- Loosely couple your client from any remote services it uses. Use a message-based interface to communicate with services located on separate physical tiers.
- Avoid tight coupling to objects in other layers. Use the abstraction provided by common interface definitions, abstract base classes, or messaging when communicating with other layers of the application. For example, implementing the Dependency Injection and Inversion of Control patterns can provide a shared abstraction between layers.
- Reduce round trips when accessing remote layers. Use coarse-grained methods and execute them asynchronously if possible to avoid blocking or freezing the UI.
Specific Design Issues
There are several common issues that you must consider as your develop your design. These issues can be categorized into specific areas of the design. The following sections contain guidelines to help you resolve the common issues in each area:
- Business Layer
- Configuration Management
- Data Access
- Exception Management
- Presentation Layer
- State Management
A typical thin rich client acts as the interface to a business system, and the business layer is part of that business system and is usually exposed as a service. However, in a typical thick rich client, the business layer is located on the client itself. Consider the following guidelines when designing the business layer for a rich client:
- Identify the business layers and service interfaces that the application will use. If the application will access remote services, import the interface definitions and write code that accesses these service functions using the interfaces. This helps to minimize coupling between the client and a remote business layer or services that it uses.
- If your business logic does not contain sensitive information, consider locating some of the business rules on the client to improve performance of the UI and the client application. If your business logic does contain sensitive information, you should locate the business layer on a separate tier.
- Consider how the client will obtain information required to operate business rules and other client-side processing, update this information automatically as it changes, and how users or administrators will update the business rules as requirements change. You may decide to have the client obtain business rule information from a remote server when it starts up.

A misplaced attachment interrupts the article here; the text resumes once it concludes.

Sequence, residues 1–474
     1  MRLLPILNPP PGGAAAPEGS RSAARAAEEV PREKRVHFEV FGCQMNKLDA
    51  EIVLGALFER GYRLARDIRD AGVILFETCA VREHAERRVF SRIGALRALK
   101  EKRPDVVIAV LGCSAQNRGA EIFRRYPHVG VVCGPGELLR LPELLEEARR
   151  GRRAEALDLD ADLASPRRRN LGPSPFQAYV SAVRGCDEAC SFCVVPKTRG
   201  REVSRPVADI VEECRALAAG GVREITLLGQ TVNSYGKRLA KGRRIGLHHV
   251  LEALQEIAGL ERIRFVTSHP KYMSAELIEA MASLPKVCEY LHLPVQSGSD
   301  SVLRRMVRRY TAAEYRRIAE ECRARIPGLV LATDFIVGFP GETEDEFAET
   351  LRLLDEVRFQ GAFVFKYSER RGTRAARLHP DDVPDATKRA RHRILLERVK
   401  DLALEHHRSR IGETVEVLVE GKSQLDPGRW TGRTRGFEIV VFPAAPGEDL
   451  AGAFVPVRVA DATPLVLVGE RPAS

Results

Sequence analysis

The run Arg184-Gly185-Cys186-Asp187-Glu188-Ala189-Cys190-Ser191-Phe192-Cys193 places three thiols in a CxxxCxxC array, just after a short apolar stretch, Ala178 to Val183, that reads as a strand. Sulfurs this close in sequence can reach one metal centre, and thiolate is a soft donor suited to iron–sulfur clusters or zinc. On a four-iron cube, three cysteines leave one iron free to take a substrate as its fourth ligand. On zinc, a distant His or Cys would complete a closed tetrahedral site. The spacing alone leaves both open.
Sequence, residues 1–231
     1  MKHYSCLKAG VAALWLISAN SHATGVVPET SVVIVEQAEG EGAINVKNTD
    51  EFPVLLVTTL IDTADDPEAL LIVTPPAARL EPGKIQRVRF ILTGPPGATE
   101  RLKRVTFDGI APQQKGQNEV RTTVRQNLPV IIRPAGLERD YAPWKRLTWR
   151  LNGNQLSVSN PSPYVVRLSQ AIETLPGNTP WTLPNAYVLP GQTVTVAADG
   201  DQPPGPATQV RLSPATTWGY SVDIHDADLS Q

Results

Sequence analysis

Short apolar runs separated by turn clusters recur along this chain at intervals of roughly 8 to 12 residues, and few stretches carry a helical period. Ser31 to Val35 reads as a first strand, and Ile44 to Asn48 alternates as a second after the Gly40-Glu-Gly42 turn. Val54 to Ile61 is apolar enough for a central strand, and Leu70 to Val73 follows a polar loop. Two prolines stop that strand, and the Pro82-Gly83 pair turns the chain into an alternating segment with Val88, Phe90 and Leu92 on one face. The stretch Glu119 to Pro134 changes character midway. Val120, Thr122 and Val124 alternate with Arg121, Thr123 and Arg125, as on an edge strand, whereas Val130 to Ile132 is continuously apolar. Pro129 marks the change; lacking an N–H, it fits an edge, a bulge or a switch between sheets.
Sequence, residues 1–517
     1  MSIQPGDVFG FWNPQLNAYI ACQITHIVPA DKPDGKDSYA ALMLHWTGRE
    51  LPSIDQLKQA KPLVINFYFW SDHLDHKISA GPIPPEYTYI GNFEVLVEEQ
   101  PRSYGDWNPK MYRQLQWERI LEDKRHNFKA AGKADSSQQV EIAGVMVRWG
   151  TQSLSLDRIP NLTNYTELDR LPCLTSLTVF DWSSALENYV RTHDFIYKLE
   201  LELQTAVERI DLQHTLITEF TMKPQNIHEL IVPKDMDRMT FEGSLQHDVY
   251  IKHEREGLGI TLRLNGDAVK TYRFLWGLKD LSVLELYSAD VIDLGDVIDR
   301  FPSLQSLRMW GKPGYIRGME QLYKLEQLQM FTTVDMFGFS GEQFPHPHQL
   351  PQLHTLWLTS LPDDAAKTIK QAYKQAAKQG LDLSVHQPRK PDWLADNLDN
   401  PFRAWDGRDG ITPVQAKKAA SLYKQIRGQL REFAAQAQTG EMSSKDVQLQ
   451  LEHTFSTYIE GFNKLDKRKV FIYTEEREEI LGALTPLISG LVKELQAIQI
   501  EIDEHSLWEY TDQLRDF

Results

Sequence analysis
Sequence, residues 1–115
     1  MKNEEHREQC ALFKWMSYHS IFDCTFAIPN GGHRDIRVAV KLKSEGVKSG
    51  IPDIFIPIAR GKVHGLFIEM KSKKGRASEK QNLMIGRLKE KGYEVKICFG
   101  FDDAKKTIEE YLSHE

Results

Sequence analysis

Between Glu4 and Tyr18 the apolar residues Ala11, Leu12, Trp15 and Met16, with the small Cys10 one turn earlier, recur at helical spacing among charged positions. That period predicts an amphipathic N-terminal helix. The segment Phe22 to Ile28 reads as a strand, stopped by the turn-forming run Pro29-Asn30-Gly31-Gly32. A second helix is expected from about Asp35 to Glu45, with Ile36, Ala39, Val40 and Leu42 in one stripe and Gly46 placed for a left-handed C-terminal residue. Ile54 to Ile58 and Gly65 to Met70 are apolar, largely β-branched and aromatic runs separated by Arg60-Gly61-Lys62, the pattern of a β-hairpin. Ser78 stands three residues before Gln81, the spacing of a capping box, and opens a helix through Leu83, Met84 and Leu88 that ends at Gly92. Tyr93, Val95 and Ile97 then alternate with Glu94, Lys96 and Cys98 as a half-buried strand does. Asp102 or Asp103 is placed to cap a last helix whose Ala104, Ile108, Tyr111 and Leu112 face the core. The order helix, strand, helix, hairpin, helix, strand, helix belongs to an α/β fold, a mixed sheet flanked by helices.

For more information about designing the business layer, see Chapter 7 "Business Layer Guidelines."
If the business and data layers of a rich client application are located on a remote tier and exposed as services, or if a rich client uses other remote services, it can communicate with these services using a variety of protocols and methods. These may include HTTP requests, Simple SMTP e-mail messages, SOAP Web service messages, DCOM for remote components, remote database access protocols, or other TCP/IP-based standard or custom communication protocols. If the business layer and data layer are located on the client, the presentation layer can use object-based methods to interact with them. Consider the following guidelines when designing a communication strategy:
- When communicating with services on a remote physical tier, use a message-based protocol when possible. This gives you a more natural way to make asynchronous calls to avoid blocking the presentation layer, and to support load balanced and failover server configurations. Use coarse-grained interfaces to minimize network traffic and maximize performance.
- Where required, enable offline processing for the application. Detect and monitor the connection state. When disconnected, cache information locally and then resynchronize when communication is re-enabled. Consider holding application state and data locally in a persistent cache to allow disconnected start up and a shutdown/restart cycles without information loss.
- To protect sensitive information and communication channels, consider using IPSec and SSL to secure the channel, encryption to protect data, and digital signatures to detect data tampering.
- If the application must consume or send large sets or amounts of data, consider the potential performance and network impact. Choose more efficient communication protocols such as TCP, using compression mechanisms to minimize the data payload size for message-based protocols such as SMTP and SOAP, or custom binary formats when the application does not need to support open communication standards.
For more information about communication between clients and layers of the application, see Chapter 18 "Communication and Messaging."
To maximize extensibility and maintainability of the application—particularly where it exposes a complex UI as is common in many business scenarios—consider implementing the interface using the Composition design pattern, where the UI consists of separate modules or forms loaded dynamically at run time. This approach is useful when users may open several forms to perform specific tasks, and work with data in a range of different ways. Users can open and close forms as required, and the application can maximize performance and reduce start up delays by loading these forms only when required. Also consider how you can support personalization for users, so that they can modify the layout and content to suit their own requirements. Consider the following guidelines when designing a composition strategy: